What Xi Jinping's 'indefinite term' means for China
Yesterday, China's parliament, in a historic move, abolished presidential term limits enabling President Xi Jinping to rule indefinitely. The process to lift the constitutional provision of two terms began in October 2017 at the 19th session of the Chinese Communist Party (CCP), when no one was designated to succeed Xi Jinping.
The 13th session of China's parliament, known as the National People's Congress (NPC), is currently in session in Beijing. With 2,980 members, the largest unicameral legislative body in the world began the session on March 5, 2018 and is expected to continue for about two weeks. The NPC's mandate includes legislating laws, overseeing the operations of the government, appointing top officials of the state, and above all, amending the constitution of the country.
China has been, in the past, an autocratic state dominated by unpredictability. Transfer of powers from one head of state to another did not follow any set rule or pattern till the reforms introduced by Deng Xiaoping—it all depended on the CCP. Then again political succession within the CCP does not follow clear established procedures.
However, with the national constitution having been revised multiple times and changes in the party charter, it has become rather difficult to predict the succession dynamics at the country's top positions. One clear indicator however is whoever controls the Politburo and chairs the powerful Central Military Commission (CMC) will most likely become president of the country.
Xi Jinping, since becoming Party General Secretary in 2012, quickly concentrated his powers. He controls the Politburo, became chairman of the CMC and leader of the top policymaking committees (economy, national security and foreign affairs). Given his complete control over important state institutions he is in an unassailable position to change the nation's constitution and continue to remain president as long as he likes—or until he is removed by party insiders.
Since the announcement by the Central Committee of CCP on February 26, 2018 that the constitution will be amended, there has been consternation both within China and around the world. The question that is being asked is: Is Xi Jinping heading towards dictatorship? Or will he be a rational leader and step aside once he has turned China into a leading power of the world? Several critical scenarios are circulating in the media.
Critics assert that Xi Jinping becoming president for an indefinite period is a prescription for disaster for China. It will bring political instability within the country and risks China getting into confrontation with other countries. To support their theories, many commentators have referred to the period under Mao Zedong.
Though Mao is revered in China he had thrown the country into chaos and violence repeatedly through his campaigns, which left thousands dead—the Cultural Revolution being one of the most infamous periods. After Mao's death in 1976 there was a fierce succession struggle. By 1978 Deng Xiaoping wrested power from the "Gang of Four" and emerged as the supreme leader of China. Deng Xiaoping then moved to amend the constitution and establish a rules-based system of succession. The revised constitution stipulated that the president could only hold office for two five-year terms. Deng Xiaoping also introduced "collective leadership" to govern China. An age limit was also introduced—no one above the age of 68 shall serve in the Politburo.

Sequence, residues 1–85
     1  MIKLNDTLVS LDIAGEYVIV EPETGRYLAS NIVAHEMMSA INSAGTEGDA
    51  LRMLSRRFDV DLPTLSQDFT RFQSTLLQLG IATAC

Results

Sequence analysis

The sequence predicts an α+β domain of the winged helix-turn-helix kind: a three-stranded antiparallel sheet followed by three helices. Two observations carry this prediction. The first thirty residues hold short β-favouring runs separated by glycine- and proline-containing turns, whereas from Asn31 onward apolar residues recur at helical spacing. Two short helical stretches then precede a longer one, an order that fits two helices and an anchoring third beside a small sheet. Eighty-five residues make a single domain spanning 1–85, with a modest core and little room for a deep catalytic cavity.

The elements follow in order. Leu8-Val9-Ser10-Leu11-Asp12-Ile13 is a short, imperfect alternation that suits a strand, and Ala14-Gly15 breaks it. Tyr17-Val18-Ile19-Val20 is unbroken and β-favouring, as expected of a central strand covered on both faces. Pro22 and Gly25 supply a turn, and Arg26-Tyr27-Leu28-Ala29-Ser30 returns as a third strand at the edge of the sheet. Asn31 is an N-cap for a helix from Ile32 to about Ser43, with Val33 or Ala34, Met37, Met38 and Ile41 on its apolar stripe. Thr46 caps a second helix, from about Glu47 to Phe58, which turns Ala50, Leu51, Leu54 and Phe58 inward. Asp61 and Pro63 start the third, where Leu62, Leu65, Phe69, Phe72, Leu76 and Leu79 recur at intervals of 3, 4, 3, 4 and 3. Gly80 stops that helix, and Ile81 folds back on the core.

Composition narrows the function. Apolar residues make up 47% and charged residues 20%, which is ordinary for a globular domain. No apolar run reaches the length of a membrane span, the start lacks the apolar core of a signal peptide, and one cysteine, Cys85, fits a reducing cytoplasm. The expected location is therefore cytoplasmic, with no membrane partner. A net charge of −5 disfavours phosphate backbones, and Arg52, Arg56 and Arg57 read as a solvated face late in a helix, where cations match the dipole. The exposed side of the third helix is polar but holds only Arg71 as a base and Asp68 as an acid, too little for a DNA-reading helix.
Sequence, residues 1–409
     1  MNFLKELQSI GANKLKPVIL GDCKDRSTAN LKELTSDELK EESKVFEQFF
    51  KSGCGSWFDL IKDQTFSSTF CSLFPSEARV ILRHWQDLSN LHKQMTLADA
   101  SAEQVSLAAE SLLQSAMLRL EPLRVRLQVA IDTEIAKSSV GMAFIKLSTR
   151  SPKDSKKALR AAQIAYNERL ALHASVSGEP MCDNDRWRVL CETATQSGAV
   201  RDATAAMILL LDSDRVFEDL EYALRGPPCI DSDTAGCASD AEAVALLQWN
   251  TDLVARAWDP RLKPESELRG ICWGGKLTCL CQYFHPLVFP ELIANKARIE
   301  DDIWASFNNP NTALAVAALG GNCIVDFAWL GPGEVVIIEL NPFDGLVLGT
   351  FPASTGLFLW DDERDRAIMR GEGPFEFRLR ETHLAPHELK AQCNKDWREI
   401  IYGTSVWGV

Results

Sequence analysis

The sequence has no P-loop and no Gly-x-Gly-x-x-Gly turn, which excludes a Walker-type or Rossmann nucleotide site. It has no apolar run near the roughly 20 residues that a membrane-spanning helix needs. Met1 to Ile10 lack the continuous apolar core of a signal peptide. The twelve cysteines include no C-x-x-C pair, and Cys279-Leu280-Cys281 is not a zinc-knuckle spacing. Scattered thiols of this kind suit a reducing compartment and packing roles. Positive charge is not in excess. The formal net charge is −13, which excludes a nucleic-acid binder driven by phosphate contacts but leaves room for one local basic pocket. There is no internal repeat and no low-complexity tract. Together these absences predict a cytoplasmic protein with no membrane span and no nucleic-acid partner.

The General Secretary of CCP is the ultimate source of power in China. When that position is combined with the presidency its powers become formidable. Deng Xiaoping's established procedures had been working fine until Xi Jinping became president and began to dismantle the succession system.
China's state-run Global Times, upholding the proposed amendment, described the move as the "magical key to uniting Chinese society to overcome hardships and complete various missions." It was the way for China to "become the big winner in the world, strengthening its dignity in the face of the West," said the Global Times.
Others noted that Xi Jinping needs the powers to implement the much-needed economic reforms. China certainly needs bold reforms, especially to deal with the massive debt that state-run sectors have accumulated. Though the Chinese economy is the second largest in the world, there are reasons for concern. Chinese national debt currently (2018) stands at USD 6,748 billion which is 51.23 percent of its GDP. The other weakness is that the yuan is not yet convertible on capital account.
Beijing, however, tried to minimise public resentment, particularly among the educated urban elite, saying there is popular support for the amendment. "I hope everyone can acknowledge the voice of all Chinese people," said a foreign ministry spokesman.
The trouble with some leaders is that they do not want to give up power and tread into politically unpredictable and dangerous waters. Several commentators compared Xi Jinping to an emperor of the Zhongguo (Middle Kingdom). There is no doubt that Xi Jinping is rational, bold, assertive and creative. One hopes that Xi Jinping will realise the "Chinese Dream" taking the Middle Kingdom to new heights.
Mahmood Hasan is a former ambassador and secretary of the Bangladesh government.